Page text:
Saturday, September 4, 2010

Jennifer Pozner on NBC's The Today Show

I just caught Jennifer Pozner, Executive Director of Women in Media and News, author of Reality Bites Back: The Troubling Truth about Guilty Pleasure TV, and our friend (name drop!), on NBC's The Today Show this morning. Don't ask me what I was doing up early enough on a Saturday to watch that (I DVR'd it!)

New network market research findings are causing producers to claim that women want to see lots of tough women in violent action and crime dramas. Jennifer made the point that what women really want to see is complex, strong female characters who are self-defined and have agency... and it just so happens that the only time we can find that on TV is in violent action and crime dramas. (More info:

Here's a partial transcript of the segment:

So the new fall TV line up definitely emphasizes the woman as the action hero. That's not anything new, we saw that with Charlie's Angels, Cagney and Lacey, some of these other crime fighting shows of decades past. But what do you think it is about women now that we're ready for that reemergence of the female action hero?
Well I think that we've always been ready for female action heroes and even more to the point we've always been ready for strong, fully defined, self-defined women with agency on television. And unfortunately too often we don't get that in terms of what we're given for female characters. We see the put-upon mom who's always gorgeous but sort of harried by her schlubby obnoxious husband like on According to Jim or King of Queens. We see the women who are protrayed as shallow, egotistical dimwit bimbos fighting amongst themselves for the lone Y chromosome in their midsts.
Like Desperate Housewives...
Well even on the Bachelor or Flavor of Love. So basically what women are looking for are strong, independent, fully-defined characters who stand up for themselves and others. It's too bad that they're only given that option in action roles.
What about the notion that women really do like the blood and the violence and they want to see other women a part of all of that, is there any truth to that?
Well I think that there's a slightly -- this was all sort of based on market research recently that the networks did and I think that there's a crisis of vision, a crisis of creativity in the interpretation of that research, of those focus groups. If they had asked the real questions of these women they were talking to -- 18-34 year old women -- they would've found that, yes, they want strong, they want the adrenaline rush, they want women like Buffy the Vampire Slayer and Xena Warrior Princess who protect themselves and save the world, but they want witty women, they want interesting women, they want intelligent women. It's not about the blood. It's about the fully-fleshed out idea that women can be anything they want to be.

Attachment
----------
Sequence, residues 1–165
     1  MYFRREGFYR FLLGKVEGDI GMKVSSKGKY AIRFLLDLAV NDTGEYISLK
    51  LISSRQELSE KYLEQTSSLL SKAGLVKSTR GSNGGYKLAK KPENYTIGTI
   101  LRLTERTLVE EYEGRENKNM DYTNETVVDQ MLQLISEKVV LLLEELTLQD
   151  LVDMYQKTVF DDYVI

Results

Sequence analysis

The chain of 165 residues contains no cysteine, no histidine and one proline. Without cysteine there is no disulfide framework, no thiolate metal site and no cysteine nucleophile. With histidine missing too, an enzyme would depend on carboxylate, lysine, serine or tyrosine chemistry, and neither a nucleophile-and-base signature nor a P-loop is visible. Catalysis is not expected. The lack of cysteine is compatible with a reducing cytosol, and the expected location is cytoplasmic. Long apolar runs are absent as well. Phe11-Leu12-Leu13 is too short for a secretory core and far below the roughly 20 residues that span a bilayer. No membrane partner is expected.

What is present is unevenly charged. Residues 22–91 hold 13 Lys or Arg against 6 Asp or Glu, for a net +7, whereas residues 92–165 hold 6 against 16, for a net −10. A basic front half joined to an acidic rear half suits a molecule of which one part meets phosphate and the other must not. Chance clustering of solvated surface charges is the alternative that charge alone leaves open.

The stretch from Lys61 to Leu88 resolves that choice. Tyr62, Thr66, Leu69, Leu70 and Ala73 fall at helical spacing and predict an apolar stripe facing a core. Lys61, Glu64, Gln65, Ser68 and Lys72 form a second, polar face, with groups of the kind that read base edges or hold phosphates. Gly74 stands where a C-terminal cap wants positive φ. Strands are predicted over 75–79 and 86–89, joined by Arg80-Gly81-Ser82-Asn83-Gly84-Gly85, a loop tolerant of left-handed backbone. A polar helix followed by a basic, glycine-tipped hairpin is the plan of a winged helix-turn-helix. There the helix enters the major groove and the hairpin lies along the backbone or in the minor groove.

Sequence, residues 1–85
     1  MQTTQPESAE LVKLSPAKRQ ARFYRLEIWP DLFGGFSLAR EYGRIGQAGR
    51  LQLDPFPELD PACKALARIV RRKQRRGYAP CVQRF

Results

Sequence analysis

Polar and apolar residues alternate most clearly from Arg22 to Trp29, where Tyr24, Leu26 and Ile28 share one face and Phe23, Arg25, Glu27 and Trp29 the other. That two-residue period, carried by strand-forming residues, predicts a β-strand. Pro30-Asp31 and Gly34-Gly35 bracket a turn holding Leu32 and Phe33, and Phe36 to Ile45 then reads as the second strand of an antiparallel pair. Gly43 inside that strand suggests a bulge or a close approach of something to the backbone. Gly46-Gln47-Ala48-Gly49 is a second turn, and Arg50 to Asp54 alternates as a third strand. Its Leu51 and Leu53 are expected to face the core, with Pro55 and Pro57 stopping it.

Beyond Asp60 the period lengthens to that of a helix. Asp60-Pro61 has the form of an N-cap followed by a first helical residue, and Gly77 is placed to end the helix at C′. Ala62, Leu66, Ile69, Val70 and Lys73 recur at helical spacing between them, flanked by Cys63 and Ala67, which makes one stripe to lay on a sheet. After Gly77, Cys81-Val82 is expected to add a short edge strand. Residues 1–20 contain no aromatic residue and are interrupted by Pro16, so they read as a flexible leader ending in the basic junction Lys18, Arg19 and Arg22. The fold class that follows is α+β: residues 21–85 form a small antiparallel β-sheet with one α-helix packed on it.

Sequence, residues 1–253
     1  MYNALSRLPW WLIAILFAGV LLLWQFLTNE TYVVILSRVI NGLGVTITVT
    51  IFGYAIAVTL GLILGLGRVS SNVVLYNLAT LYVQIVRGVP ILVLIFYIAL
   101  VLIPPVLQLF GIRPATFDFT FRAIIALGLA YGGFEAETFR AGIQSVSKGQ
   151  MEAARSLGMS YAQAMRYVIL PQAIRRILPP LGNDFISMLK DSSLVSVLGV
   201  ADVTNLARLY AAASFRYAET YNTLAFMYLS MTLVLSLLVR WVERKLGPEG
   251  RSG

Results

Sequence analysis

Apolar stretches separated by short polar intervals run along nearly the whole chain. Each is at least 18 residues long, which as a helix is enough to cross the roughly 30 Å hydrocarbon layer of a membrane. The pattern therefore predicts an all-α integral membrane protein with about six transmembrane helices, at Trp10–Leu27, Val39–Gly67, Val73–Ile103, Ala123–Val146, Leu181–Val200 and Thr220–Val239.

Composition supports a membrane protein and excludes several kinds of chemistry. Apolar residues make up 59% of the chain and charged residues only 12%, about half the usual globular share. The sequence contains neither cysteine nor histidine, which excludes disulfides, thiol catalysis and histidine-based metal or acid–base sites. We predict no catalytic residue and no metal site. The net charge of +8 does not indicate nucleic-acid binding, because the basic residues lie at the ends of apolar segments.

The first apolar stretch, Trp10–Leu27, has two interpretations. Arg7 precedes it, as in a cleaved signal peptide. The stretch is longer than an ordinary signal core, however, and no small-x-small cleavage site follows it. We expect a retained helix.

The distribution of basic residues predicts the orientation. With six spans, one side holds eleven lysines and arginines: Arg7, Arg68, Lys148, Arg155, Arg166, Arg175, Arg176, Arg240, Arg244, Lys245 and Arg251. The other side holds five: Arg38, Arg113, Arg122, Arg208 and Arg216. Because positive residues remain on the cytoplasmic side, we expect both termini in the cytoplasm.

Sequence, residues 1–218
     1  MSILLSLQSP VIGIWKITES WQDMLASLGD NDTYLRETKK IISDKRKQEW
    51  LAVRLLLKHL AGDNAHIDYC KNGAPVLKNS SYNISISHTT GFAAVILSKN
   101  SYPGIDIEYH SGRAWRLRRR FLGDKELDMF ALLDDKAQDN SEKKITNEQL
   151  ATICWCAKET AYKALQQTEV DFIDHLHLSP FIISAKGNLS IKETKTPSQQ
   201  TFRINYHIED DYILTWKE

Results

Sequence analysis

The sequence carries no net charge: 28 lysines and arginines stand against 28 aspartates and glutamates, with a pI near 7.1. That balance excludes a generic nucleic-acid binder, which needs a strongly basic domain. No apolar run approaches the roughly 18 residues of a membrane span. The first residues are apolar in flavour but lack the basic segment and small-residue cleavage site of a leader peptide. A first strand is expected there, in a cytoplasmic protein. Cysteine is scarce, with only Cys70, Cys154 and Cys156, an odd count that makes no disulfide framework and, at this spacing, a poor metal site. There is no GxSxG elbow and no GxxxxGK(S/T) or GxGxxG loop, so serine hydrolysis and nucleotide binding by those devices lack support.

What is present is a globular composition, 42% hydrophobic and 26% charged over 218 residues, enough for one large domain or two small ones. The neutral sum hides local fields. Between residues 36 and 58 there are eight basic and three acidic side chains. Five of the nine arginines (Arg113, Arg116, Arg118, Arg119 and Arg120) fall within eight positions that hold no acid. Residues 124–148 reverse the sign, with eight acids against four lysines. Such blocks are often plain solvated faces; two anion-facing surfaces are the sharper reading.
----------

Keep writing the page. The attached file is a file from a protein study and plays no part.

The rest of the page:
Interesting that you mentioned witty and smart and independent, because then you have the other genre of Reality TV where you have the Housewives series, where you see these strong women but they're catty and it's just... sometimes it's... as a woman it's embarrassing to watch because it feels like such a stereotype.
Oh absolutely.
And yet, are women watching?
You know that's interesting. Michael Hirschorn, the former executive over at VH1, the brainchild behind shows like Flavor of Love and A Shot at Love with Tila Tequila, not exactly your high brow fare, said that if women didnt want these shows they wouldn't be made. But what's really true... that's just a shallow justification for what networks want to put on the air. These shows, the reality shows, cost upwards of... basically it can cost less than 75% less to make a reality show than a scripted program. So it's not what women want to see, it's what networks want us to want to see because it's really cheap to make. Then you get all the product placement embedded sponsorship cash and it's a party. It doesn't mean that women are being represented in any kind of realistic way.
And speaking of maybe more the genre that we're hoping to see the independent strong women -- you know NBC's got two shows out, one of them is Chase and Undercovers, what do you think the networks need to do to get women hooked for all the right reasons perhaps on these types of shows?
Well, they should do what Joss Whedon does in his programs, with... for example, take Buffy the Vampire Slayer... female characters that rely on each other and use their strength and their wit and their physical toughness to defend thesmeslves, to defend other women and other people. And they shouldn't do these sort of rape, incest, torture-of-the-week fetishization types of plotlines like on the procedurals. They should focus on women using their skill and their toughness and their negotiation to problem-solve.
All the things we clearly possess.

We certainly hope someone over at the network offices was watching... and paying attention.

Buy Jennifer's book: Reality Bites Back: The Troubling Truth About Guilty Pleasure TV

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